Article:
Everglades Station Mimeo 62-12 January 1962
Feeding value of corn silage with and without zinc-bacitracin as a preservative
H. L. Chapman, Jr., C. E. Haines and V. E. Green, Jr.
The purposes of the experiment in this report were to obtain preliminary
information concerning the feeding value of Everglades-produced corn silage and
to determine if zinc bacitracin (Silotracin) altered the feeding value.
/ Experimental Procedure
Forty grade Angus and Hereford steers, having an average initial low-stan-
dard slaughter grade, were divided into two equal groups, on the basis of weight,
grade, breed and previous treatment. They were then allotted, at random to the
experimental treatments. The experimental design was as follows:
1 Corn silage, with no preservative
2 Corn silage, with 5 gm. of zinc
bacitracin per ton of fresh material,
as a preservative.
All experimental animals received a full feed of the silage. The corn
ensiled was Corneli 54 field corn grown at the Everglades Station. It was
harvested in the soft-dough stage and had an estimated yield of 82.8 bushels
per acre of ear corn containing 15.5 percent moisture. The zinc-bacitracin
was broadcast on the fresh material as it was distributed in the bunker-type
silo, at the rate of 5 grams per ton of fresh material. The silos were lined
on the sides and covered over the top with plastic sheeting and kept as air-
tight as possible. Data was kept to determine the cost of the edible ensilage.
In addition the steers received an average of 10 pounds of concentrate
feed per animal, daily. This feed was comprised of 65.75 percent ground
snapped corn, 33.0 percent 41% cottonseed meal and 1.25 percent of a complete
mineral mixture, and had a mixed cost of $3.26 per hundred weight pounds.
An initial slaughter grade was placed on each animal by a grading com-
mittee. The initial value per animal was based on the price of cattle of
similar quality at the Belle Glade auction market. The final value was the
actual selling value of each animal. The grades shown in Table 2 are coded
6, 7, 8 for low, medium and high standard and 9, 10 and 11 for low, medium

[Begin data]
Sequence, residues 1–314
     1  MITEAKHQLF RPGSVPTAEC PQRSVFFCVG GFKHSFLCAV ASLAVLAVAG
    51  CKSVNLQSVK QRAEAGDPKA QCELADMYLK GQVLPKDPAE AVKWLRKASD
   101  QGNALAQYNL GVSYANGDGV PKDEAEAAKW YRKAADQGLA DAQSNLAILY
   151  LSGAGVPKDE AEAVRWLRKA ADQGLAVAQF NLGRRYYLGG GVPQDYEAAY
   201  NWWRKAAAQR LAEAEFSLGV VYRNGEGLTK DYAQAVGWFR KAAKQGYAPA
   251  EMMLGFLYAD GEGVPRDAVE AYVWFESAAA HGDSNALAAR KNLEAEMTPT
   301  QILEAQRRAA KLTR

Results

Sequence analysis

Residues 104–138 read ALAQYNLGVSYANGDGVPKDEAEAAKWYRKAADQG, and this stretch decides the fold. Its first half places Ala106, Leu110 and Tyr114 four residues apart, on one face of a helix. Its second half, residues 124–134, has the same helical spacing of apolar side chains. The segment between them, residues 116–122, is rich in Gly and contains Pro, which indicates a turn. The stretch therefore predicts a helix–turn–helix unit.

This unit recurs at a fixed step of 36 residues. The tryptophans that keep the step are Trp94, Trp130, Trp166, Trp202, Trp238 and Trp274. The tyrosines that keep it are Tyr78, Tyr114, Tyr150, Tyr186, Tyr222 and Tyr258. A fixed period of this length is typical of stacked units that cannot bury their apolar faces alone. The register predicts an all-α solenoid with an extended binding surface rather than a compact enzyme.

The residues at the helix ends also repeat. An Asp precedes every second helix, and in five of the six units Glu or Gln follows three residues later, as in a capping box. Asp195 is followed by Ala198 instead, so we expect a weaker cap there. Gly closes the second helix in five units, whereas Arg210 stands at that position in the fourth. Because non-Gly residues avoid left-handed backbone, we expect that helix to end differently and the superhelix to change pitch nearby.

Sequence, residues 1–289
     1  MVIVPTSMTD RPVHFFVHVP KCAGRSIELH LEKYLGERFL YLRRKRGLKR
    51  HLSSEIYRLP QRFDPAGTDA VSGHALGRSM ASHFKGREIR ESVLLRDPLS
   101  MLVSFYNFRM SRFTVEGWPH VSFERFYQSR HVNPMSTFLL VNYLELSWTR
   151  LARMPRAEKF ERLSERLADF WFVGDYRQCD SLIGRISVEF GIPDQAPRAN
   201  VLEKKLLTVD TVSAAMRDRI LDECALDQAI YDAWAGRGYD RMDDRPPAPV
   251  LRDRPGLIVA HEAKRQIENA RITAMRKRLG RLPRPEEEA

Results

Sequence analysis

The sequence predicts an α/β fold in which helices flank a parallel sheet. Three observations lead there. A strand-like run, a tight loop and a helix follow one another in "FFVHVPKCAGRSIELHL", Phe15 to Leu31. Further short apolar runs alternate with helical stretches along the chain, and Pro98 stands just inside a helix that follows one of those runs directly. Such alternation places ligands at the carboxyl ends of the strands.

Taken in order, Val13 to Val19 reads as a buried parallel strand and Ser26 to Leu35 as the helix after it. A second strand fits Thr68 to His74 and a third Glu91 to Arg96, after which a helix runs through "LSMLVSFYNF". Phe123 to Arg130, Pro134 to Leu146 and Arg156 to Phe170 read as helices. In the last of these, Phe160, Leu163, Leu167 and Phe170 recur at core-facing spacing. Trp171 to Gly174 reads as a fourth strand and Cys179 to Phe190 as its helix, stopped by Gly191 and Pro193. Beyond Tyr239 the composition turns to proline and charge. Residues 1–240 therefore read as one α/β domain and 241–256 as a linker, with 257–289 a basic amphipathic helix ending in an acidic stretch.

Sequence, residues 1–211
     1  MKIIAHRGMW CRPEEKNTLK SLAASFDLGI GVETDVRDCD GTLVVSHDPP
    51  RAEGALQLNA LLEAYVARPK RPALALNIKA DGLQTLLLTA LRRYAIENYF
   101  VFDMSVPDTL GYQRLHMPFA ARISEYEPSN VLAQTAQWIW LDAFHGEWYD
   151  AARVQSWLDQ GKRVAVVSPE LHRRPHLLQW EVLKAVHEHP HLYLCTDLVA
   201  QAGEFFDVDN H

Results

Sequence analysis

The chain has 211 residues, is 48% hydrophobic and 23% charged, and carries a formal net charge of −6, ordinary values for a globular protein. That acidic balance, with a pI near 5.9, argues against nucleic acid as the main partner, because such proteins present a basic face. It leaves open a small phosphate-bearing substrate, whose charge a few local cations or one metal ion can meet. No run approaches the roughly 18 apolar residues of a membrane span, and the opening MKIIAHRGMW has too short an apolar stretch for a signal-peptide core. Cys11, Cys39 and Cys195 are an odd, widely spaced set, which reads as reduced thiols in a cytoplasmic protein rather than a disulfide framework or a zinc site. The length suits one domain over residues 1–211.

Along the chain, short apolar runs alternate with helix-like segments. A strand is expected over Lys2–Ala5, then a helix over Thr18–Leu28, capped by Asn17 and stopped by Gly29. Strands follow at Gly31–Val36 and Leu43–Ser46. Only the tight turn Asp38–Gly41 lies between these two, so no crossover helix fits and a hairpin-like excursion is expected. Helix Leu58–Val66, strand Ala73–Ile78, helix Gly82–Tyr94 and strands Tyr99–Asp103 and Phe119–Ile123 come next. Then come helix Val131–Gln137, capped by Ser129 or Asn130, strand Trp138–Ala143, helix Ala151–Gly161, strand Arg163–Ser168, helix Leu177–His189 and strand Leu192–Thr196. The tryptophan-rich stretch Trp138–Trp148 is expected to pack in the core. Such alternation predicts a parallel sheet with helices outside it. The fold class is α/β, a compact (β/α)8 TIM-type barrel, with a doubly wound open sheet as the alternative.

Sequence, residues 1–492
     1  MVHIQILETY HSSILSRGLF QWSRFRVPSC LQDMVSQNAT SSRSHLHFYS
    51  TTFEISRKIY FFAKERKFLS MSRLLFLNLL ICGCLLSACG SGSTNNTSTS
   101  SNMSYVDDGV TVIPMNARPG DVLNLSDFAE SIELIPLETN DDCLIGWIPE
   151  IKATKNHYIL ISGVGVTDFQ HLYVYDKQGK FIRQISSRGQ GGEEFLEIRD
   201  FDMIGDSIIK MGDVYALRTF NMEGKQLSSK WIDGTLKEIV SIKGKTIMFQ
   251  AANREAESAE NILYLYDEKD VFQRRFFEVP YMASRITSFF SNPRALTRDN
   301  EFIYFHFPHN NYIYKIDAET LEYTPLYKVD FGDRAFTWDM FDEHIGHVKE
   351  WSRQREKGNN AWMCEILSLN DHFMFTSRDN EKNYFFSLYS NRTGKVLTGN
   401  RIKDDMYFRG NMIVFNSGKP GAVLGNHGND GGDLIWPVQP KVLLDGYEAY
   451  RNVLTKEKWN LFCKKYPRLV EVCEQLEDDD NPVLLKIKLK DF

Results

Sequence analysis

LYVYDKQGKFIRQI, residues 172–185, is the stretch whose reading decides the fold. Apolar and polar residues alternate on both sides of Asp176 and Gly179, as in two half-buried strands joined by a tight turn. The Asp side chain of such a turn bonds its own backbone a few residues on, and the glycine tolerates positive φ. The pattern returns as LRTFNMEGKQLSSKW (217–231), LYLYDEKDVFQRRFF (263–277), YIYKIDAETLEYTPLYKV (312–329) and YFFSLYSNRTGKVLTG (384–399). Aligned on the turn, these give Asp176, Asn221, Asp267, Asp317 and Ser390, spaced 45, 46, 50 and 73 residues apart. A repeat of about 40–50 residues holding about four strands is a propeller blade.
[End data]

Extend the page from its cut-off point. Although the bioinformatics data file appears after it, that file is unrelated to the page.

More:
and high good grades of cattle.
1/ Acknowledgement is made to L. V. Morris, Tom Swager, J. V. McLeod and
who assisted in the conduction of this experiment.
2/ This study was supported in part by a grant in aid furnished by Co ial
Solvents, Inc., Terre Haute, Indiana. i-t
3/ Associate Animal Nutritionist, Assistant Animal Husbandman and Associs
Agronomist, respectively, Everglades Experiment Station.
At the completion of the feeding period the cattle were shipped to Miami
for slaughter and shipping and carcass data obtained. Calculations for this
information were made, as follows:
Final weight Miami weight
a. Intransit shrink Final weight x 100
Warm carcass weight
b. Unadjusted dressing percent Miami weight x 100
Warm carcass weight cold carcass weight
c. Cooler shrink Warm carcass weight x 100
The costs of producing the corn ensilage are presented in Table 1. These
are representative of the cost per acre annually experienced in the production
of field corn at the Everglades Station. They vary only slightly from year to
year. Based on these values the edible corn silage cost $9.90 per ton.
The overall rate of gain of the 40 steers was 2.00 lb. per day, requiring
an average of 10 pounds of concentrate feed and 41.2 pounds of corn silage
daily. When the two silages were compared there was an average daily gain of
1.87 lbs. for the steers receiving the silage with no preservative as compared
to 2.12 for those receiving the zinc-bacitracin silage. The difference in
rate of gain due to treatment was highly significant. There was no statis-
tically significant effect of treatment upon intransit shrink, increase in
slaughter grade, dressing percent or cooler shrink. The return above steer
and feed cost was $3.17 per steer for the animals receiving the corn silage
with no added preservative and $9.14 per steer for those eating the Zinc
Bacitracin treated ensilage.
Table 1. Summary of production costs for field corn silage.
I. Corn production, per acre
a. Plowing $ 5.00
b. Discing (3 times @1.50) 4.50
c. Planting of seed/ 1.50
d. Seed cost (15 lbs. @0.272) 4.08
e. Fertilizer costs?/ 12.05
f. Scratch cultivation (2 times @1.00) 2.00
g. Lay-by and deepen middles 1.00
h. Bird patrol (60 man hrs. for 80 acres) 0.64
i. Wire worm and bud worm controlJ/ 6.66
Total costs per acre $37.43
12.5 acres of corn @$37.43 $467.88
II. Cost of ensiling corn
a. Machinery and labor charges/hour
1. Wheel tractor and driver at chopper $ 2.50
2. Wheel tractor and driver hauling 2.50
3. Crawler tractor in stack 2.00
4. Two men in stack 2.00
Total/hr. $ 9.00
Total of 20 hours per silo @$9.00 $180.00
Total cost for two silos $360.00
III. Ccat of plastic per silo $15.00
Cost of plastic for two silos $ 30.00
Total production cost $857.88
IV. Total green material ensiled 155.73 tons.
Total silage fed 86.67 tons.
2J 500 Ibs. per acre of 0-8-24 with 1.0 CuO, applied broadcast.
SWireworm control 4 pound aldrin/acre in fertilizer.
Budworm control 1 pt. of 2 lb. heptachlor/acre.
Summary of average weight changes, carcass data and cost data per
animal for steers on corn silage study, on test 105 days.
Number of animals
Final weight (Ibs.)
Initial weight (Ibs.)
Total gain (Ibs.)l/
Daily gain (lbs.)
Initial slaughter grade
Final slaughter grade
Increase in slaughter grade (1/3)
Intransit shrink (%)
Unadjusted dressing percent (%)
48-hr. cooler shrink (%)
Daily feed consumption
Concentrate feed (lbs.)
Corn silage (lbs.)
Final animal value ($)
Initial animal value($)
Total feed costs
Return over steer and feed-costs ($)
plus 5 lbs.
1/ Differences in gain are significant at 1% level of probability.